Current Affairs: Keeping Your Cool
Equipment RequirementsAlthough individual manufacturer's specifications vary, the majority of electrical distribution equipment is designed to operate properly and achieve normal life expectancy under ambient conditions of 32 degrees to 104 degrees F and 0% to 99% rh, noncondensing.
In most cases, only the upper limit on temperature represents a challenge. Unless serious extremes of temperature are anticipated, heating requirements are limited to maintaining equipment surfaces above the dewpoint to avoid condensation, and providing an acceptable work environment for service. Often the former can be accomplished using electrical resistance heaters installed inside the enclosures, making it possible to install even medium-voltage (over 600 V and less than 72,000 V) equipment in unheated space or outdoors.
Cooling IssuesThe effect of exceeding the 104-degree ambient varies with the type of equipment; power electronics in vfd's or uninterruptable power supply (UPS) systems may shut down via thermal sensors if the entering air temperature or internal temperature exceeds certain limits. Electronic devices such as relays and meters that are intended to be used in electrical switchgear may have ambient temperature specifications as high as 158 degrees.
In some cases, elevated temperatures require derating. Protective devices such as fuses and thermal-magnetic circuit breakers, which detect overloads through the heat produced by current flowing through them, will trip at lower-than-rated currents in an elevated ambient.
Less sophisticated equipment, such as motors, switchgear bus, and transformers, will continue to operate properly in an elevated ambient, but will develop higher internal temperatures that can cause insulation deterioration and reduce life expectancy.
An old rule of thumb in the electrical field is that each 18-degree increase in operating temperature decreases the life of electrical insulation by a factor of two. Keep in mind, however, that this effect is proportional, and that a few weeks per year of operation at elevated ambient does not have a major impact on the 10-year design life expectancy of a substation transformer, for example.
Outside AirIn my region (ASHRAE 1% summer design conditions of 92 degrees db/75 degrees wb) we often provide outside air ventilation as the only source of cooling for vaults or electrical rooms that contain power distribution equipment such as unit substations, switchgear, and panelboards with their associated metering and instrumentation.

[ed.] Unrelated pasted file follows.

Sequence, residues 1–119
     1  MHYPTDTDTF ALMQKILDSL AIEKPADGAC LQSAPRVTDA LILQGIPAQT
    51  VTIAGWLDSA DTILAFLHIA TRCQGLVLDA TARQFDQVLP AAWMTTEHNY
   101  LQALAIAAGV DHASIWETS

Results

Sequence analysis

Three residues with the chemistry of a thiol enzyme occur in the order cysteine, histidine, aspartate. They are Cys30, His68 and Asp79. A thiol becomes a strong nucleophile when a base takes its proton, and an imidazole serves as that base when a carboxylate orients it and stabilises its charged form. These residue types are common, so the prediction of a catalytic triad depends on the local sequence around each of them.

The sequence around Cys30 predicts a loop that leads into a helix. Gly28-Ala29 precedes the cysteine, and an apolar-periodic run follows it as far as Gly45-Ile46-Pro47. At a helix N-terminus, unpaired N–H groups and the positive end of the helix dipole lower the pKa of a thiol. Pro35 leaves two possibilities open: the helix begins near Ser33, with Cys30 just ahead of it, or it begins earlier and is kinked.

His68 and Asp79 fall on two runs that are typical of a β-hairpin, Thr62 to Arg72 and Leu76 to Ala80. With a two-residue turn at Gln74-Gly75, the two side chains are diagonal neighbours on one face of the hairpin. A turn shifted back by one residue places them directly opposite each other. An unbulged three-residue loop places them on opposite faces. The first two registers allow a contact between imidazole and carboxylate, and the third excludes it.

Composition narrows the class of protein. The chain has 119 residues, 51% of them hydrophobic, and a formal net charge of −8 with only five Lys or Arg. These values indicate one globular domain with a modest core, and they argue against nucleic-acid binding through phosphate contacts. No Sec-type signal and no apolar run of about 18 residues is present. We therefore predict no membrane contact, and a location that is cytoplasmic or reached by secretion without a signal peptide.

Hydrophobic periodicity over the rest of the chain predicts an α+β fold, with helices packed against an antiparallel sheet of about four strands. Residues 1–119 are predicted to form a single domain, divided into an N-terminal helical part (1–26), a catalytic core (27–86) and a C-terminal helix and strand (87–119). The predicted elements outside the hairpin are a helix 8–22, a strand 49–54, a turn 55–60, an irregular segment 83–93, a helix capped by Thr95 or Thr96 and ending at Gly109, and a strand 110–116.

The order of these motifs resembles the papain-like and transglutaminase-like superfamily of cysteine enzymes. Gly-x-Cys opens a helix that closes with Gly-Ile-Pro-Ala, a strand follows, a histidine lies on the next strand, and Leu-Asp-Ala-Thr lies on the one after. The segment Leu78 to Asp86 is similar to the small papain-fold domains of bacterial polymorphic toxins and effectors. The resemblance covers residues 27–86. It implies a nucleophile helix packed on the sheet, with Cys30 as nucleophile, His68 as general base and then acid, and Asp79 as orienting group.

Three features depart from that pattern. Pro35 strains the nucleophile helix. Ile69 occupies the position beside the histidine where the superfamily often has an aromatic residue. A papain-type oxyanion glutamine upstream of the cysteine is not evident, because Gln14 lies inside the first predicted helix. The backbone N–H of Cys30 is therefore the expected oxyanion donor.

Admittedly, on a 95-degree day with a design rise of 15 degrees, we can't maintain the 104-degree upper limit, but the frequency of such days is low and the impact on the equipment is negligible.
The impact of hot days can be further mitigated by ductwork design. If the intakes deposit outside air at floor level in the vicinity of the lower ventilation openings in the electrical equipment, and air is removed from the ceiling near the upper ventilation openings, a once-through flow pattern can be developed in which the equipment is not exposed to the higher temperature discharge air.
Designing these systems with a pressurized supply to keep the room positive with respect to the outdoors is helpful in keeping dust and other contaminants that are detrimental to cooling from building up in the electrical equipment, and it is mandatory if the surrounding environment contains corrosive or conductive contaminants. However, it often seems that the space layout discourages pressurized supply in favor of exhaust fans. In either case, the intake air must be effectively filtered.
Load CalculationsRegardless of whether you are providing mechanical cooling or pure ventilation, an accurate load calculation is important to ensure that adequate cooling is provided without excessive equipment costs or excessive air velocity.
In large substation installations and spaces such as UPS equipment rooms, the electrical equipment may occupy more than half of the cross-sectional area of the space. High volumes of cooling air flowing in the remaining space translate into high velocities that make it difficult to service the equipment. My next column will review the calculation of electrical equipment space cooling loads. ES